Diabetes Forecast

What’s Good About Unsaturated Fats?

The nutrition label on my bottle of safflower oil lists 1 gram per serving of saturated fat, 2 grams of polyunsaturated fat, and 11 grams of monounsaturated fat. What are the relative merits of the unsaturated fats? Edward Goldfrank, Austerlitz, New York

Jill Weisenberger, MS, RDN, CDE, responds

Unfortunately, having diabetes at least doubles your risk of heart troubles, so you are wise to pay attention to what you eat for the health of your heart.

What to Know

Unsaturated fats—both monounsaturated and polyunsaturated fats—have heart-shielding effects. They come from plant sources, such as seeds and nuts. A high intake of saturated fats, on the other hand, is associated with higher levels of both total cholesterol and LDL (“bad”) cholesterol, which are risk factors for cardiovascular disease (CVD). Saturated fats come from animal sources, such as meat and full-fat dairy foods. Research also links trans fats to an increased risk of CVD. Protect your heart by avoiding trans fats and by replacing some saturated fats with unsaturated fats. Making this type of switch is likely to improve cholesterol levels and insulin sensitivity.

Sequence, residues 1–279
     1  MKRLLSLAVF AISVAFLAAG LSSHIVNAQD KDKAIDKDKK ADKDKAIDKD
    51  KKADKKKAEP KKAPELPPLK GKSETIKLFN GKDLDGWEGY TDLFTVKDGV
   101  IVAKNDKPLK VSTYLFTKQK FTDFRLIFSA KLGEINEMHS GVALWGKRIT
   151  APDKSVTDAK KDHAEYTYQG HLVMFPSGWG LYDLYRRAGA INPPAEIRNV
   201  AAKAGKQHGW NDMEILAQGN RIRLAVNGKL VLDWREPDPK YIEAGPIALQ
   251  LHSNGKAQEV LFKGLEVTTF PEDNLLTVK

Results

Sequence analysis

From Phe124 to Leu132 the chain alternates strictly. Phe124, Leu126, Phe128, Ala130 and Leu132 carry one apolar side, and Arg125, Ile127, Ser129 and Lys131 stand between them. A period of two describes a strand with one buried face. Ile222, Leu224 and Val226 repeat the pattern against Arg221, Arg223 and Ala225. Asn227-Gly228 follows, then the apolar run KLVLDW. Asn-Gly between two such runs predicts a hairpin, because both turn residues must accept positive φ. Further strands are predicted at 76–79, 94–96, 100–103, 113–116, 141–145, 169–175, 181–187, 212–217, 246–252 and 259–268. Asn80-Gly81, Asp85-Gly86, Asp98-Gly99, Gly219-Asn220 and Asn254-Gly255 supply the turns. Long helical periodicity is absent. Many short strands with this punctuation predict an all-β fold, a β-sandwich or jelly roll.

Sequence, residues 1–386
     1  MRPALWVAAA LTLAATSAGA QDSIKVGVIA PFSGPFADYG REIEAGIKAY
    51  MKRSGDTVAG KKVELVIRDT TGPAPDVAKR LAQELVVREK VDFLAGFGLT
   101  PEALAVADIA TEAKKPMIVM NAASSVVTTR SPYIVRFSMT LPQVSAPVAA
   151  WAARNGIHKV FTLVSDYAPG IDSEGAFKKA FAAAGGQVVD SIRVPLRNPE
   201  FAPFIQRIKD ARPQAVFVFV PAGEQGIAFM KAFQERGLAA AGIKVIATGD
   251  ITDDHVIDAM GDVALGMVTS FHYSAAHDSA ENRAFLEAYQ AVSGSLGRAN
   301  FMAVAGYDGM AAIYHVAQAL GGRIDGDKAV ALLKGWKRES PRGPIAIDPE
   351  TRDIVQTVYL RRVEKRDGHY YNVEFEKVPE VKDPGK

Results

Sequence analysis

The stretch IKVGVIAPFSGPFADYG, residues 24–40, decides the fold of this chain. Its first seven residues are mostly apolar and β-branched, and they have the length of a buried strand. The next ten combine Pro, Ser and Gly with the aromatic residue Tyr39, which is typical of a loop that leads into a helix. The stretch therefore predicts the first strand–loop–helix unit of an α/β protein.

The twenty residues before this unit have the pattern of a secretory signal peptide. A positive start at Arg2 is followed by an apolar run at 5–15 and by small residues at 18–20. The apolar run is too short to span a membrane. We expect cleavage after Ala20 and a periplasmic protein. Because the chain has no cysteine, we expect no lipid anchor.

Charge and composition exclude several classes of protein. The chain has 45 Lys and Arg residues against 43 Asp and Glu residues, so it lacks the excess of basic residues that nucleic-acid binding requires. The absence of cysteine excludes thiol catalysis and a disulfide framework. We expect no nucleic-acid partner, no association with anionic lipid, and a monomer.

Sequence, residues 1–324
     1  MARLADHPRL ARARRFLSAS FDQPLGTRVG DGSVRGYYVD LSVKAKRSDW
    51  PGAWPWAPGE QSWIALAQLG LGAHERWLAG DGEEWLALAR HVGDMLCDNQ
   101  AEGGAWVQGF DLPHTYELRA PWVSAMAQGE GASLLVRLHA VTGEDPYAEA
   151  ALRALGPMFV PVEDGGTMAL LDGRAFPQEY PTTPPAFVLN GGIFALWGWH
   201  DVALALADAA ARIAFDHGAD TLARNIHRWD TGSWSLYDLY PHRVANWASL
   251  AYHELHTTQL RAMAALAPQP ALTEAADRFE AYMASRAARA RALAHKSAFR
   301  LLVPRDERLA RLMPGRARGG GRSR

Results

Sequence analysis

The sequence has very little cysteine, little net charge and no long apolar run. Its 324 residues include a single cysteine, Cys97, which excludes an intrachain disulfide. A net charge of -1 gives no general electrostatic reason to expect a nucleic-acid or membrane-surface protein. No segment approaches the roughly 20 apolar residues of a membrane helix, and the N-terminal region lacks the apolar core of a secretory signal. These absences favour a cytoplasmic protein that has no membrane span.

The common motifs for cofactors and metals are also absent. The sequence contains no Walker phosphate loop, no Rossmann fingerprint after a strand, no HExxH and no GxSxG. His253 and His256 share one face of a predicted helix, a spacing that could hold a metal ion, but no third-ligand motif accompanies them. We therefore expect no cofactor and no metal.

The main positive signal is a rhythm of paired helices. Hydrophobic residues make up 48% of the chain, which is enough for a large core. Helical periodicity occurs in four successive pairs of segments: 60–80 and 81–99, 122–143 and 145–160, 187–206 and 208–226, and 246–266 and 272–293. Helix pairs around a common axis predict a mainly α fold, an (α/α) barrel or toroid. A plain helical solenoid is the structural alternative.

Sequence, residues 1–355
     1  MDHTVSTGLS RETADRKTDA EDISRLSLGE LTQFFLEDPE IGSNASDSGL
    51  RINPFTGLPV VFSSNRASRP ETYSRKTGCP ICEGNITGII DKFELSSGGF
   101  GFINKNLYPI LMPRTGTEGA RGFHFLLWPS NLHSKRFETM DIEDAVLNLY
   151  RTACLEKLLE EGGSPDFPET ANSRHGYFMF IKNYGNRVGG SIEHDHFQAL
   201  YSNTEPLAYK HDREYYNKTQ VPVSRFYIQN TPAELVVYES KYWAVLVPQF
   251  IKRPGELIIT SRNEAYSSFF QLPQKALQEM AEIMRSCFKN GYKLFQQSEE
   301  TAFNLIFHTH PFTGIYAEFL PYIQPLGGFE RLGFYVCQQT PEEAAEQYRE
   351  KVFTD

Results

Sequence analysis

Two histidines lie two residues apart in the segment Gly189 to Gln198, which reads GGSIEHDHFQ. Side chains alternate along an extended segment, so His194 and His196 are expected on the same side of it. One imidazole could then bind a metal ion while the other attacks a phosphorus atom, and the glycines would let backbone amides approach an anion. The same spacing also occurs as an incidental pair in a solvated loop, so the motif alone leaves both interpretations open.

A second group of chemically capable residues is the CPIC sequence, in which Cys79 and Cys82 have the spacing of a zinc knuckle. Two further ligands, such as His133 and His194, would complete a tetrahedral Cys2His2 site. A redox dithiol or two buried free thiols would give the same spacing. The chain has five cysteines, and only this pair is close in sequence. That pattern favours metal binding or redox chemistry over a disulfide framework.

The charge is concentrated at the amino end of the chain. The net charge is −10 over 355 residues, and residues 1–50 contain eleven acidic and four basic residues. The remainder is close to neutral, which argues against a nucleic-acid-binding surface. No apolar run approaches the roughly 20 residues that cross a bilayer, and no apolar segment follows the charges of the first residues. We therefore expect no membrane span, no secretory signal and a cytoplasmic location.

Polyunsaturated fats include both omega-6 and omega-3 fatty acids. The ratio of omega-6s to omega-3s is no longer considered a concern, but in general Americans consume too few omega-3s.

Find Out More

For excellent American Heart Association information on heart-healthy fats, start at http://bit.ly/1e8jE3g.

Possible Solutions

Continue to use the oil of your choice—rather than solid products such as shortening and butter—for cooking and baking. Avoid highly processed foods with trans fats, and limit foods high in saturated fats, such as butter, full-fat dairy, and bacon. Plus:

  • Eat fatty fish such as salmon, tuna, and herring at least twice weekly.
  • Snack on a serving of nuts instead of sweets.
  • Add creaminess to a sandwich with avocado.
  • In baking, replace 4 tablespoons of butter with 3 tablespoons of olive oil or canola oil.
  • Check ingredient listings for partially hydrogenated oils, which indicate that at least a trace amount of trans fats is present.
  • Consume plant sources of omega-3s often. Choose canola oil, ground flaxseeds, hemp and chia seeds, walnuts, soybeans, and tofu.


Don’t worry about the type of unsaturated fats—just use them in place of unhealthy saturated and trans fats.



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